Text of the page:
A Boy and His Blob

A Boy and His Blob

A Boy and His Blob, a two-dimensional puzzle-platformer has been referred to as "inspired by" and a "rebirth" of the now twenty-year-old original rather than a straightforward remake.


A Boy and His Blob, a remake of the classic puzzle-platformer for the Nintendo Entertainment System, was revealed in Nintendo Power on March 5th, 2009.
The new art style uses hand-painted backgrounds and hand drawn character models, paired with advanced lighting and visual effects. A greater emphasis is also put on the friendship and reliance on one another between the Boy, now with an even younger design, and the Blob (who is not named "Blobert" as in the previous games).

A Virtual Console release of the original  A Boy and His Blob: Trouble on Blobonia has also been rated by the ESRB, assumed to pique interest shortly prior to this full release.


A Boy and His Blob is the brainchild of WayForward Technology's Director, Sean Velasco. Being a fan of the original property, he thought it was an idea which had a lot of potential the team could explore upon the completion of Contra 4. They thought about refinements in gameplay they could take advantage of, coupled with the studio's fresh animation and presentation techniques, and particular strength for two-dimensional platform games. A pitch was made to Majesco Entertainment through Creative Director, Matt Bozon at E3 in 2008.

The series creator, David Crane is said to be with the team "in spirit" whenever they play the original game for reference, but is not involved with the project on a day-to-day basis.


The story starts out with the Blob crash-landing on Earth looking for someone to help him save his beloved home planet of Blobolonia. When The Boy meets the Blob, they begin their quest to dethrone an evil emperor who has taken over the peaceful planet of Blobolonia. Their first task is to travel through a forest on Earth, which contains some enemies which are presumed to be minions of the evil emperor. The pair then travels through a cave near a city, encountering more obstacles. Outside of the cave, the blob transforms into its rocket form and takes the boy to Blobolonia. The two trek through Blobolonia, finding increasingly bleak landscapes as they grow closer to a large castle, which is the center of the emperor's reign. After fighting through the castle, the boy and the blob defeat the emperor, freeing Blobolonia from his dark reign. The blob once again transforms into a rocket, returning the boy to his treehouse. In the nearby forest, the pair encounters a massive monster. After defeating it, the boy and blob part ways in a brief, but heartfelt cutscene. The blob transforms into a rocket to return to Blobolonia, and the boy is left to go on with his life. The story is not delivered through long-winded cutscenes, but rather subtle hints in the context of the world and interactions with characters, leaving a lot to interpretation in the same vein as Half-Life. The ending has been described by the game's Producer, Robb Alvey as "touching".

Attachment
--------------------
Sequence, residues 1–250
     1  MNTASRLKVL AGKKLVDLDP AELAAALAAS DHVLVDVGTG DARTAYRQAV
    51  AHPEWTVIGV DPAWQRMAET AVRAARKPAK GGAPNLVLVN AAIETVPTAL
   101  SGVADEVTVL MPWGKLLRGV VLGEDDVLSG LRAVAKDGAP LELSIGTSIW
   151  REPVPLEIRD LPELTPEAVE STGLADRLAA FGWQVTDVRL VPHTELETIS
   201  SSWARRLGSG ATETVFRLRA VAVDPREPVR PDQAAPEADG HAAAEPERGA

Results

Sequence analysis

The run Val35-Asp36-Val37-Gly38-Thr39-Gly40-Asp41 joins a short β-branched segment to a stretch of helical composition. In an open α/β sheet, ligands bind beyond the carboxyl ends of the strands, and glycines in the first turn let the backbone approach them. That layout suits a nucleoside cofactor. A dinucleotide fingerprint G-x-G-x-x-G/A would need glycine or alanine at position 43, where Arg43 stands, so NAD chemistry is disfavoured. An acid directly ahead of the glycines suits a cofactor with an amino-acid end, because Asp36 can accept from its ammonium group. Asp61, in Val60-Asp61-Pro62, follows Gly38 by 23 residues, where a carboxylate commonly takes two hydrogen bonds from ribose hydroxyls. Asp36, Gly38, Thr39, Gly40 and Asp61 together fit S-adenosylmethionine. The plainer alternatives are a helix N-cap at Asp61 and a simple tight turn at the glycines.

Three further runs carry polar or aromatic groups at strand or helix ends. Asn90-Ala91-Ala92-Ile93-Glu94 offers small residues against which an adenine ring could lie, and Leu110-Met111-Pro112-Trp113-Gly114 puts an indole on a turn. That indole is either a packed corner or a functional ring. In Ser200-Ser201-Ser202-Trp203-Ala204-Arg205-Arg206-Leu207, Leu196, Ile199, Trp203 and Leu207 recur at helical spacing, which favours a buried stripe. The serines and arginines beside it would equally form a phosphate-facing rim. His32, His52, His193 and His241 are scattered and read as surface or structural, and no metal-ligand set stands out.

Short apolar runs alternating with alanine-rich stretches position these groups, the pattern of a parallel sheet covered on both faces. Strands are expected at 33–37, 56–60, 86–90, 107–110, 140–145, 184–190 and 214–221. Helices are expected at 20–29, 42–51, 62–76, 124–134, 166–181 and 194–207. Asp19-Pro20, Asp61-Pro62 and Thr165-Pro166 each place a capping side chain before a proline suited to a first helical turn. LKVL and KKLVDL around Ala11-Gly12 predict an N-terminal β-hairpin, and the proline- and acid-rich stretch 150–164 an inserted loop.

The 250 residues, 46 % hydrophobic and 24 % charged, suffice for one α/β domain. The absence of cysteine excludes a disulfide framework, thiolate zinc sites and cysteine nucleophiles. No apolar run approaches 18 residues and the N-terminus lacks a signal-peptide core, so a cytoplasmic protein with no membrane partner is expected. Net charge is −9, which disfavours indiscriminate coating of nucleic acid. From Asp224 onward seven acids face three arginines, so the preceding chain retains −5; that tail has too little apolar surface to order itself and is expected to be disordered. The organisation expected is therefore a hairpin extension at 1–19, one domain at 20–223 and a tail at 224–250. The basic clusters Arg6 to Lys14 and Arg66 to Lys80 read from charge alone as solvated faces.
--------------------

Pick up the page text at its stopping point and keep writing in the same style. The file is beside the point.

The Boy just floating along with Blob. 
The Boy just floating along with Blob. 
Like most 2-D puzzle-platformers, A Boy and His Blob has the player travel through various levels by solving puzzles. This is done by feeding Blob a variety of jelly beans. By feeding him these treats, Blob transforms into one of 15 different objects (anvil, trampoline, parachute, etc.), allowing the Boy to get to points he couldn't get to before. When holding down the Nunchuck's C button a radial menu pops with the kinds of jelly beans available. With the wanted bean chosen, the player throws the bean by pressing B. The player may also hold it down to be able to more accurately throw the bean where they want it go. Using the Z button causes the Boy to call for the Blob. This call transforms Blob back into his normal blobby self.  
Although the game has many types of beans, not all the jelly beans are available for each level. At the start of the level, the Boy only has the specific kinds of jelly beans that are needed to solve the puzzles. With that said, one level may see the Boy with three beans, while another may see the whole radial menu filled up.  
Each stage contains 3 chests that can be found and eaten by blob, and then regurgitated once the duo have returned to the tree house. If you manage to find all 3 in a given stage, then a bonus challenge stage will be unlocked. Upon completion of the bonus stage, concept art or videos will be unlocked for your viewing pleasure. Finding these chests is not required though, only navigating the boy and his blob safely to the end of the level.

Miscellaneous Information

  • The game runs at 480p in 16:9.
  • There is a button dedicated solely to hugging. An unlockable video shows a reference for the animation, with a young boy hugging a propped up sleeping bag.
  • The Blob hates being poked with a stick!